Digital Photography (.5 credit course)

The first semester of this course is for any student wishing to communicate visually in photographic work utilizing digital imaging processes. Students will solve visual problems using selected electronic imaging devices developing an awareness of the media and its impact on culture and history in addition to the fundamentals of art criticism and evaluation. Students will need their own digital camera.

Graphic Arts (.5 credit course)

This course introduces students to graphic design as a form of visual communication through the use of type, image, form, and color. Combined with their knowledge from Digital Photography students will create projects that explore design processes in two and three dimensions, visual identity and communication, creative problem solving, and basic design practice of critiques and discussion. Prerequisite: Digital Photography.

Yearbook/Journalism (1 credit course)

This course will focus on yearbook production including development of a theme, page layout, written commentary, photography, and advertising. Students will learn about areas of newspaper writing such as features, special interest, sports, editorials, and columns. Students will also learn the steps involved in writing, editing, printing, and publishing a newspaper.

Computer I (1 credit course)

Students in this course will learn basic computer usage, including word processing, spreadsheets, presentations, and computer graphics.

CAD/3-D Printing (1 credit course)

This course is designed to introduce students to the principles, concepts, practices and standards for architectural and engineering design and construction. Students will learn the basic process for drafting design, while using tutorials to develop understanding of drafting software. Students will be learning basic design and engineering principles through the use of discussion and projects. The students will be working toward an engineering and architectural capstone that will be developed and made using a 3D printer.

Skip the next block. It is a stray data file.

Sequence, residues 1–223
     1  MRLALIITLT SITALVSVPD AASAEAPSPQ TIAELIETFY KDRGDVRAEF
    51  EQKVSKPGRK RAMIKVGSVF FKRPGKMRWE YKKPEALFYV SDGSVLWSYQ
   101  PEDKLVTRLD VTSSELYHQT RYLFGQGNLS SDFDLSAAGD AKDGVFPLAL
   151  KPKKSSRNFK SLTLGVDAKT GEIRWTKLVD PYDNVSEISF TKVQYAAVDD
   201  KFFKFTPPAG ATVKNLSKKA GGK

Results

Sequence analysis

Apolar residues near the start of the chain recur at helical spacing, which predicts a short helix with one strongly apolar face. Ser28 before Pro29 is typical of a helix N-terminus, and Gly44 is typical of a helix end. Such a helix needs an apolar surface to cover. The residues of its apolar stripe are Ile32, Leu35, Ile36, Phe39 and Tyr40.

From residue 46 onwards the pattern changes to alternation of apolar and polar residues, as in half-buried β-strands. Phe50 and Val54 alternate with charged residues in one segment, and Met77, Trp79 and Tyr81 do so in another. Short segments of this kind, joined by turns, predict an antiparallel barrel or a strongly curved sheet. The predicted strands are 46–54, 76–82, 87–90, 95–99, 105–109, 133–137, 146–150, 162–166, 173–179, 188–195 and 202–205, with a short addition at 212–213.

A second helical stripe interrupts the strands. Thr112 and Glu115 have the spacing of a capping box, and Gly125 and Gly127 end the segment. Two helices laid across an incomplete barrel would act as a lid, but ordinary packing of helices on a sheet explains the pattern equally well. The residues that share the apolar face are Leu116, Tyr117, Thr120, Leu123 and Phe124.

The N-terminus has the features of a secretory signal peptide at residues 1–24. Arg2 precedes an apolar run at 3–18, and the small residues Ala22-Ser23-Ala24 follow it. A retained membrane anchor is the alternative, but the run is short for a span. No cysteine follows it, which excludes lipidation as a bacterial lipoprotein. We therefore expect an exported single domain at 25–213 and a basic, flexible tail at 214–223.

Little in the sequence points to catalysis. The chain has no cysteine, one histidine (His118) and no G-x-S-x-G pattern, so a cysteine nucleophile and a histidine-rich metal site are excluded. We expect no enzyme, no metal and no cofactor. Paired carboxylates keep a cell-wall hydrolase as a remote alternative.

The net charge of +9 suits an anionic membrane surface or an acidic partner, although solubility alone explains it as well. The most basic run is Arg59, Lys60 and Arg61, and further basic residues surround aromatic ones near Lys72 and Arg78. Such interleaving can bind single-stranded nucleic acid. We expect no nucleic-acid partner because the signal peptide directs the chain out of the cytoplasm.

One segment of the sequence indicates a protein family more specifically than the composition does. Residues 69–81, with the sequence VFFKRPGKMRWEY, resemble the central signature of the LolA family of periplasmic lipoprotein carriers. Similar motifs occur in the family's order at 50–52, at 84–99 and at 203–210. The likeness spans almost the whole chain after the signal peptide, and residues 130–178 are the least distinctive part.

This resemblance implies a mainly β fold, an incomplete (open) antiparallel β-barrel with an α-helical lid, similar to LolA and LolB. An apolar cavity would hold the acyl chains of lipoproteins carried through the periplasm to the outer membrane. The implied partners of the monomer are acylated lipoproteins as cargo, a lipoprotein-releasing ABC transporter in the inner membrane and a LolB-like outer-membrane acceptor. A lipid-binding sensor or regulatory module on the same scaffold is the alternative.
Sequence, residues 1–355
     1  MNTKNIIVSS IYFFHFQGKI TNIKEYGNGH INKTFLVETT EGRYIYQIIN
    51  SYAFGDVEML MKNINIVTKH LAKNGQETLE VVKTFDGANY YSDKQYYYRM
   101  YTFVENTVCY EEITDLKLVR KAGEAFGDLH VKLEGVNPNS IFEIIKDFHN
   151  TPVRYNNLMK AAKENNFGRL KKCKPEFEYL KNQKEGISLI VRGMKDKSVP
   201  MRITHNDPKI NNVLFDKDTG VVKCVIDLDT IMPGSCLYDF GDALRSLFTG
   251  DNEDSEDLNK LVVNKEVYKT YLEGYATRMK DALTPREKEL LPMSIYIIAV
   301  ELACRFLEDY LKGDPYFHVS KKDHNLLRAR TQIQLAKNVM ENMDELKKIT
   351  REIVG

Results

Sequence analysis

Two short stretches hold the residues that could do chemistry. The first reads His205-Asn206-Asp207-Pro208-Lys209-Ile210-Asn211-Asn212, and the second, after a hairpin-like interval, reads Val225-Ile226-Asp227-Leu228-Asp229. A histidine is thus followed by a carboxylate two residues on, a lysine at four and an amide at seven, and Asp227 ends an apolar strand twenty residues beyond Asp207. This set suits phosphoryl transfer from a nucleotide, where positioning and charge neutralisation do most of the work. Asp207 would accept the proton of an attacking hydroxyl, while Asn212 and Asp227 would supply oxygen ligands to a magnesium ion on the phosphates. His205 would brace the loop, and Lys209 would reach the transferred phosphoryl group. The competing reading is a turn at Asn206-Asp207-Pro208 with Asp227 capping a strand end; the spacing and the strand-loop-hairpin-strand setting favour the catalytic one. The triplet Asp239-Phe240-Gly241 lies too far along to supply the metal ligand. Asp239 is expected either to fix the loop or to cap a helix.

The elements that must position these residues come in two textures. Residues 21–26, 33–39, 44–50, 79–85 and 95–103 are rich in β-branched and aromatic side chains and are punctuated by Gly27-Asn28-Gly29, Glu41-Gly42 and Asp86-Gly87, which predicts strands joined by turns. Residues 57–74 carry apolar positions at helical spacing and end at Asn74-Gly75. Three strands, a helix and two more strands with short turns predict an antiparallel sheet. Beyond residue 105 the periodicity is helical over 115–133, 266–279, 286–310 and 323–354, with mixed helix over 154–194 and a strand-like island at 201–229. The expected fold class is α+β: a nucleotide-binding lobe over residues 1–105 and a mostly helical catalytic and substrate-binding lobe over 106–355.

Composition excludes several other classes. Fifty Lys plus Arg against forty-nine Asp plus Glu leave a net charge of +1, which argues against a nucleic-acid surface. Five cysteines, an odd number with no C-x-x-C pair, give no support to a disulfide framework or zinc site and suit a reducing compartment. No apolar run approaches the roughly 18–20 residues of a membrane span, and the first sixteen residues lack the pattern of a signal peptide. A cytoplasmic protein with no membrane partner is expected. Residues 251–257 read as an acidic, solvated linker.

Introduction to Computer Science/CPU Coding (1 credit course)

This course is designed to offer an introduction to computer science. Students will learn the basics of computer programming along with the basics of computer science. The material emphasizes computational thinking and helps develop the ability to solve complex problems. The course gives a foundation in the tools used in computer science and prepares students for further study in computer science. This class is a prerequisite for coding courses including AP Computer Science Principles and AP Computer Science A courses.

AP Java - Coding II (1 credit course)

This course builds upon the concepts of Introduction to Computer Science/CPU Coding. It is designed to give students command of the Java coding language. The curriculum is designed to prepare you for the AP college board exam following the successful completion of the course. Pre-requisite: Intro to Computer Science/CPU Coding.

AP Computer Science Principles (1 credit course)

This is a survey course designed to present you a wide array of the ethical issues in coding and a variety of coding applications. It is a course with a broad array of topics, and is also designed for students to successfully pass the AP college board examination upon course completion.

Industrial Shop 1 & 2 (.5 credit course)

Learn a variety of vocational, practical, and hands on skills using industrial shop equipment. Learn safe operation of tools and proper functioning of electric power tools. Work in a hands on environment with wood and other construction materials.

Teacher Aide (1 credit course)

This course is designed to give students practical work experience from secretarial work to teacher assistant work, including the grading of simple papers. Responsibility in students will be strengthened and confidence gained in the completion of work. Applicants for the course MUST have at least a 2.75 cumulative GPA. 


  




 





2019-2020 Curriculum
__________________________________

To print the 2019-2020 Curriculum, please click here.